MDADM: Full usefull ‘Cheat Sheet’

Mdadm is the modern tool most Linux distributions use these days to manage software RAID arrays; in the past raidtools was the tool we have used for this. This cheat sheet will show the most common usages of mdadm to manage software raid arrays; it assumes you have a good understanding of software RAID and Linux in general, and it will just explain the commands line usage of mdadm. The examples bellow use RAID1, but they can be adapted for any RAID level the Linux kernel driver supports.

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Protected: Forcing a hard disk to reallocate bad sectors

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Intel Raid Controller RS2BL040 Slow Performance – BBU problems.

Just for the record:

When BBU is not exists, the default cache policy is no cache. So, forcing it to use even BBU not present helped in that case the fsync value goes up to above 3000. There are still lower fsync values and jumping speed values, but now these are much better than before.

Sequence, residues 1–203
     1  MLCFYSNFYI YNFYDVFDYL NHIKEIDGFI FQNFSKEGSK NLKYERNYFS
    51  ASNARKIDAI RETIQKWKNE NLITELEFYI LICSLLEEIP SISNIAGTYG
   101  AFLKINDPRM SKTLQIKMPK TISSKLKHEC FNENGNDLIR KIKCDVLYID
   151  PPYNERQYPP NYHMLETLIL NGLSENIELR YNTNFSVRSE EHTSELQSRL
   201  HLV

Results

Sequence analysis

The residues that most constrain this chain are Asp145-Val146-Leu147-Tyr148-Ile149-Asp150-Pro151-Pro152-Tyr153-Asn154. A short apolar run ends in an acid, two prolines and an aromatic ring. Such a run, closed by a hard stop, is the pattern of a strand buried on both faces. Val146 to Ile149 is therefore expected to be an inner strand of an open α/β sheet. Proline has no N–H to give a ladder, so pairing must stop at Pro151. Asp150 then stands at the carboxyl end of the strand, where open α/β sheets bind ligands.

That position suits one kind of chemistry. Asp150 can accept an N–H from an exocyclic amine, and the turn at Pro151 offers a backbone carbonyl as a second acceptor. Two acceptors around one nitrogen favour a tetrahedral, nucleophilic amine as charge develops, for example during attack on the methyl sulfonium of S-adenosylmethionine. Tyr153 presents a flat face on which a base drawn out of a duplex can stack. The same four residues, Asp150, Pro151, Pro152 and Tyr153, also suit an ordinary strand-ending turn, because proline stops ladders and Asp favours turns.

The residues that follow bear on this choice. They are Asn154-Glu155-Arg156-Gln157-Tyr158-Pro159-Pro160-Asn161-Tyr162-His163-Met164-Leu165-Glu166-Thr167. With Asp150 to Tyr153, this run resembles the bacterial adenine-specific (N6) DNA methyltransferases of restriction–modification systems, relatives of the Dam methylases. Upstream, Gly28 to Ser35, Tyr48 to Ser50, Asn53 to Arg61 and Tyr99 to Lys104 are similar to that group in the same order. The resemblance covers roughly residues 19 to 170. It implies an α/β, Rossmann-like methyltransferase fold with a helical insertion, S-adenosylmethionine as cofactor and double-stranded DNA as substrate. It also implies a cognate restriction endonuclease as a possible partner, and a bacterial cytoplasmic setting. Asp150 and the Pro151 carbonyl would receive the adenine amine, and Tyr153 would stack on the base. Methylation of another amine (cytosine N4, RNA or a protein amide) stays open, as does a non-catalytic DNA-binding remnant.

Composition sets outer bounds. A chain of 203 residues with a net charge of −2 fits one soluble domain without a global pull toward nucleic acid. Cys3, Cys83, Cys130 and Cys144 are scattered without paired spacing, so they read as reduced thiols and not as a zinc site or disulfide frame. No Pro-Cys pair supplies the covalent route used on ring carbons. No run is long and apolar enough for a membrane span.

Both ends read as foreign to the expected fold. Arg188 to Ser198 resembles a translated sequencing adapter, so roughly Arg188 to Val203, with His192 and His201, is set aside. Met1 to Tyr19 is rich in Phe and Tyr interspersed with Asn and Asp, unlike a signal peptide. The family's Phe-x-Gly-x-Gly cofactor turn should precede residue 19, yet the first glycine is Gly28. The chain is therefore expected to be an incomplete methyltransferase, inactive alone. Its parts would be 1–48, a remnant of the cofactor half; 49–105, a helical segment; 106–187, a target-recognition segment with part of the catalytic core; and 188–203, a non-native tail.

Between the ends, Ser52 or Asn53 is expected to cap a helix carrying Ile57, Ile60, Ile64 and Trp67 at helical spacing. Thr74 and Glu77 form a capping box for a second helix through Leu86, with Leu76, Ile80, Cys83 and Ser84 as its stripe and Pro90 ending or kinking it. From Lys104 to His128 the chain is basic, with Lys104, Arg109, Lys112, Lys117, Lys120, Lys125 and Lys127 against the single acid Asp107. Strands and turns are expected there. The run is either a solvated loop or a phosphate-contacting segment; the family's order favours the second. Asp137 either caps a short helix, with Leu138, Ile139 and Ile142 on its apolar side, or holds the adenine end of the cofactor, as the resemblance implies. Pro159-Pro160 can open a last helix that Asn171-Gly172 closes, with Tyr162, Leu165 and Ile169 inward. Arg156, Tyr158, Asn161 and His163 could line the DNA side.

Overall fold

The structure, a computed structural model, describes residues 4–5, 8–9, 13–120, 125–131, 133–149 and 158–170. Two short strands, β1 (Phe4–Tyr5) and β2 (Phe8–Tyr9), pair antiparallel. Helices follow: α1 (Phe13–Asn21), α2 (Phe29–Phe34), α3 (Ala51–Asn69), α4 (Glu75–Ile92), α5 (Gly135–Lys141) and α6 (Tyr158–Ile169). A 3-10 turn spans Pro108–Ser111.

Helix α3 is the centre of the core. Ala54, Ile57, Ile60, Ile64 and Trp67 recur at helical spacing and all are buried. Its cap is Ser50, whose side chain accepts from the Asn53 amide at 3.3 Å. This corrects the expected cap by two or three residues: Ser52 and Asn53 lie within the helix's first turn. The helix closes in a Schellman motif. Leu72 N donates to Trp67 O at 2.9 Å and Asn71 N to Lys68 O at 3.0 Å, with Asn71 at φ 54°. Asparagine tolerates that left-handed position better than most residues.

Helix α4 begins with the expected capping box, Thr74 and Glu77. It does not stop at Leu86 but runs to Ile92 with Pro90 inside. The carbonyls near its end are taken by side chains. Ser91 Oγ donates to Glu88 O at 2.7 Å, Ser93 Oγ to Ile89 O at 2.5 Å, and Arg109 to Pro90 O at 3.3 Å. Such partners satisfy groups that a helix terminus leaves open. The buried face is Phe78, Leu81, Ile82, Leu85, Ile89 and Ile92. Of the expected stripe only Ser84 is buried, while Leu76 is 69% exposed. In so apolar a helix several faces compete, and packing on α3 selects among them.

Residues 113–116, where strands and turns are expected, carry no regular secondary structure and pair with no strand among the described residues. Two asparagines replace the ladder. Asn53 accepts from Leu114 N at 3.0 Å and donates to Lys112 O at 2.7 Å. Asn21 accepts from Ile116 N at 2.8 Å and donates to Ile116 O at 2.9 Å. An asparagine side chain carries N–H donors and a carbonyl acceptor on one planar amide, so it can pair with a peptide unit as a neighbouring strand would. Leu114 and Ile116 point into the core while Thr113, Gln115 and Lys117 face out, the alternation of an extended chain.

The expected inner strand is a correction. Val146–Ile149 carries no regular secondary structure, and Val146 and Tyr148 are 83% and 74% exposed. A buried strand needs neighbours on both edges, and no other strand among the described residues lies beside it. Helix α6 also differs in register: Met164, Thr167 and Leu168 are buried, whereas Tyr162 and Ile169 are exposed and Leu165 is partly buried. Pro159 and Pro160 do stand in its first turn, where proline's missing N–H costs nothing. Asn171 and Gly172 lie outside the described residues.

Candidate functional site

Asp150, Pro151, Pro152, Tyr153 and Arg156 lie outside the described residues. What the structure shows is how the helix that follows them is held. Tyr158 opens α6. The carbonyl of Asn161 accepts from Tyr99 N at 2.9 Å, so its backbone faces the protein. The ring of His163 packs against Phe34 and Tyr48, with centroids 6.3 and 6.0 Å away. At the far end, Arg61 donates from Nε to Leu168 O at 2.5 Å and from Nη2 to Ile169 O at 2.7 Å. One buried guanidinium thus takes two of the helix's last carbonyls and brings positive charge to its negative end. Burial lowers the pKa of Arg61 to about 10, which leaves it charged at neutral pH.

Summary: BBU is recommended using a system like this.

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Align partitions for best performance using parted

There are two common problems when creating partitions in Linux on big storage arrays. The first is easy, and the warning message from fdisk is a bit of a giveaway:

WARNING: The size of this disk is 8.0 TB (7970004230144 bytes).
DOS partition table format can not be used on drives for volumes
larger than (2199023255040 bytes) for 512-byte sectors. Use parted(1) and GUID 
partition table format (GPT).

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